We caught up with Rosan to chat about art, the modern classroom and that famous Nordic appeal.

You have a long history in the creative industry. Tell us a little about your evolution into design.

My background is in art — contemporary art — so I have always taken a very different stance when it comes to tackling design and creative projects. It has always been a goal of mine to be able to use my flair for design to help people work better in their everyday environments. Rosan Bosch Studio was just a natural extension of that.

Design is about forming things, shaping things, and working with aesthetics. But it’s also so much more than that. Design has the ability to change your way of thinking, acting and reacting. Our physical setting plays a large role in the way we act in the world.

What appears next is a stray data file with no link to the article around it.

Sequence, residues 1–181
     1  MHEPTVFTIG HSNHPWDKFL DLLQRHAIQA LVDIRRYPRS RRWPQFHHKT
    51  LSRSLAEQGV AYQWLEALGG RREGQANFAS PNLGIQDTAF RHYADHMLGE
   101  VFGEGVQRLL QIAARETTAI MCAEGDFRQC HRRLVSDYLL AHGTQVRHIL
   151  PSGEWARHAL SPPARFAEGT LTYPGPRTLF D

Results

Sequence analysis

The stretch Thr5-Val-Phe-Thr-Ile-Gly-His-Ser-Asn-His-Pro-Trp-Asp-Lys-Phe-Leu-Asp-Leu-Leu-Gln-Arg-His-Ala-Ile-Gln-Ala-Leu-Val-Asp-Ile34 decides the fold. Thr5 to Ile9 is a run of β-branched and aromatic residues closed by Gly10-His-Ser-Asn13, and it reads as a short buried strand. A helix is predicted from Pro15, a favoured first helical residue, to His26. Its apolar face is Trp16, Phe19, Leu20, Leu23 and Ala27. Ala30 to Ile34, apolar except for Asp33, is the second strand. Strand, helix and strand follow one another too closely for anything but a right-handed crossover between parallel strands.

I have a very strong team working with me at the studio —artists, architects, designers. Our aim is to translate imagination into rooms and environments that make a difference. We each bring something very different to the table, and I think that is important.  

With an international background like yours, what drove you to settle in Copenhagen?

I first came to Denmark many years ago. At the time, I was working as a contemporary artist and had a few exhibitions in Copenhagen. I was spending quite a lot of time here and quickly grew to love it.

Copenhagen is a wonderful city. It is inspiring and a great setting to develop both creatively and as an artist. The city itself opened up a lot of opportunities for me, partly due to the fact that Denmark is so open to the concept of multidisciplinary change, but also because the country is obsessed with the idea of improvement by design. This really tells you something about the Danish culture. I saw this as an opportunity and I jumped at that. I guess that’s why I’m here… well, that and I met my husband.

What influences your creative path whilst working on a project?